Lipophilic Marine Biotoxins SERS Sensing In Solutions And In Mussel Tissue.
Published 2018 · Medicine, Chemistry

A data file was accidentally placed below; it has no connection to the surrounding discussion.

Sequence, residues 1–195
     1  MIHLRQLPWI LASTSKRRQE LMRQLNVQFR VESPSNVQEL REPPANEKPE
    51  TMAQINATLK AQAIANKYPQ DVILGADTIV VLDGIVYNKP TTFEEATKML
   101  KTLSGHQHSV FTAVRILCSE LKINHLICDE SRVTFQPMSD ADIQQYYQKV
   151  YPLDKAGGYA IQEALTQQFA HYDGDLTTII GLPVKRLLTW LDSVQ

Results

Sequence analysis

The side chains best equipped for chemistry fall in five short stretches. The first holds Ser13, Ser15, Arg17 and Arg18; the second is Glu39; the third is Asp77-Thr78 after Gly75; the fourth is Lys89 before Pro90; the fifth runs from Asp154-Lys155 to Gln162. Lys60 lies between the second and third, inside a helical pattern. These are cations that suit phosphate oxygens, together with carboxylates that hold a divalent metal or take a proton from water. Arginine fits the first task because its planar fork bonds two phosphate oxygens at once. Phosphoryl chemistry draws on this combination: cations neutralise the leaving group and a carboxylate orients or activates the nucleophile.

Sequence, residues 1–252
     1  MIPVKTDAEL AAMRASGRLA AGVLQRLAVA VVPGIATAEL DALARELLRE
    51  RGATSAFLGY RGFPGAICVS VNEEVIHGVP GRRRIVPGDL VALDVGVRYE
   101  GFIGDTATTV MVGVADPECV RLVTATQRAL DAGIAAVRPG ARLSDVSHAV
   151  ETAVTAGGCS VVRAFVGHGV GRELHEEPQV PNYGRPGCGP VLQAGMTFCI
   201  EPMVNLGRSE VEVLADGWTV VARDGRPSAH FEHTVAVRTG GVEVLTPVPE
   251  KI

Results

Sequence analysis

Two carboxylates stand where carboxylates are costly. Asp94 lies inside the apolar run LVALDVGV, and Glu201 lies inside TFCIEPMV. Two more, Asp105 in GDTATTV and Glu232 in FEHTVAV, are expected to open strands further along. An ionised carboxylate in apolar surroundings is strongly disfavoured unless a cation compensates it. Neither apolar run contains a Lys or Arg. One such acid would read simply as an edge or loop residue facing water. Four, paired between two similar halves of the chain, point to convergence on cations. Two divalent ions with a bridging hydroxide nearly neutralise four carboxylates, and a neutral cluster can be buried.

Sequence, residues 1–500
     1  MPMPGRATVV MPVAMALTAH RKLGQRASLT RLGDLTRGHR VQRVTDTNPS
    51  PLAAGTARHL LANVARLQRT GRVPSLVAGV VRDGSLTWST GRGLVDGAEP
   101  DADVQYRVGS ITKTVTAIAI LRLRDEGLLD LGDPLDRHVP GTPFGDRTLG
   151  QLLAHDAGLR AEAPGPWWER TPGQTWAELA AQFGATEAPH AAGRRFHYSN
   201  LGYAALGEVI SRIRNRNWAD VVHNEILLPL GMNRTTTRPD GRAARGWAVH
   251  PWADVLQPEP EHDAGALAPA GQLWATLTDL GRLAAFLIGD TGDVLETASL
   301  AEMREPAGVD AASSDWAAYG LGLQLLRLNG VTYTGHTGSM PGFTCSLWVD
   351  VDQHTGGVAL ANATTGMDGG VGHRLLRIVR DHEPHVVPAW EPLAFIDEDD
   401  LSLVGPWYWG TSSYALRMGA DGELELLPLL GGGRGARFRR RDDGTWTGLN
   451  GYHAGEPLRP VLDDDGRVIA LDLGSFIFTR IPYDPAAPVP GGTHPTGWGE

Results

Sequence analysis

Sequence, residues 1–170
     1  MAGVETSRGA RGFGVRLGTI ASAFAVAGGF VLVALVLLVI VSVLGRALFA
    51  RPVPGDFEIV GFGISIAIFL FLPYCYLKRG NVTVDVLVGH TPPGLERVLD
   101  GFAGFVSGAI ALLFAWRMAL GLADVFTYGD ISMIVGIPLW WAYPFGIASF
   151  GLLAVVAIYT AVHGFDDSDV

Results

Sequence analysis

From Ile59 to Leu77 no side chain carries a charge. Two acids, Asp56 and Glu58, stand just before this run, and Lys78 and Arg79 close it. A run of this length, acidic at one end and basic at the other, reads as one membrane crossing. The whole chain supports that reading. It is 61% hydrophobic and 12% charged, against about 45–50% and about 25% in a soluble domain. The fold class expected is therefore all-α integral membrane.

To detect and recognise three structurally related marine biotoxins responsible for the diarrheic shellfish poisoning (DSP) symptom, namely okadaic acid (OA), dinophysistoxin-1 (DTX-1) and dinophysistoxin-2 (DTX-2) respectively, as well as the structurally different yessotoxin (YTX), we developed a novel surface-enhanced micro-Raman scattering (micro-SERS) approach to investigate for the first time their micro-SERS signalling in solution and jointly analysed them in conjunction with the normal and toxic mussel tissue. YTX provided the main SERS feature surprisingly similar to DTX-1 and DTX-2, suggesting similar molecular adsorption mechanism with respect to the AgNPs. A fingerprint SERS band at 1017 cm-1 characteristic for the C-CH3 stretching in DTX-1 and DTX-2 and absent in OA SERS signal, allowed direct SERS discrimination of DTX-1,2 from OA. In acid form or as dissolved potassium salt, OA showed reproducible SERS feature for 0.81 μM to 84.6 nM concentrations respectively, while its ammonium salt slightly changed the overall SERS signature. The inherently strong fluorescence of the shellfish tissue, which hampers Raman spectroscopy analysis, further increases when toxins are present in tissue. Through SERS, tissue fluorescence is partially quenched. Artificially intoxicated mussel tissue with DSP toxins and incubated with AgNPs allowed direct SERS evidence of the toxin presence, opening a novel avenue for the in situ shellfish tracking and warning via micro-SERS. Natural toxic tissue containing 57.91 μg kg-1 YTX (LC-MS confirmed) was micro-SERS assessed to validate the new algorithm for toxins detection. We showed that a portable Raman system was able to reproduce the lab-based SERS results, being suitable for in situ raw seafood screening. The new approach provides an attractive, faster, effective and low-cost alternative for seafood screening, with economic, touristic and sustainable impact in aquaculture, fisheries, seafood industry and consumer trust.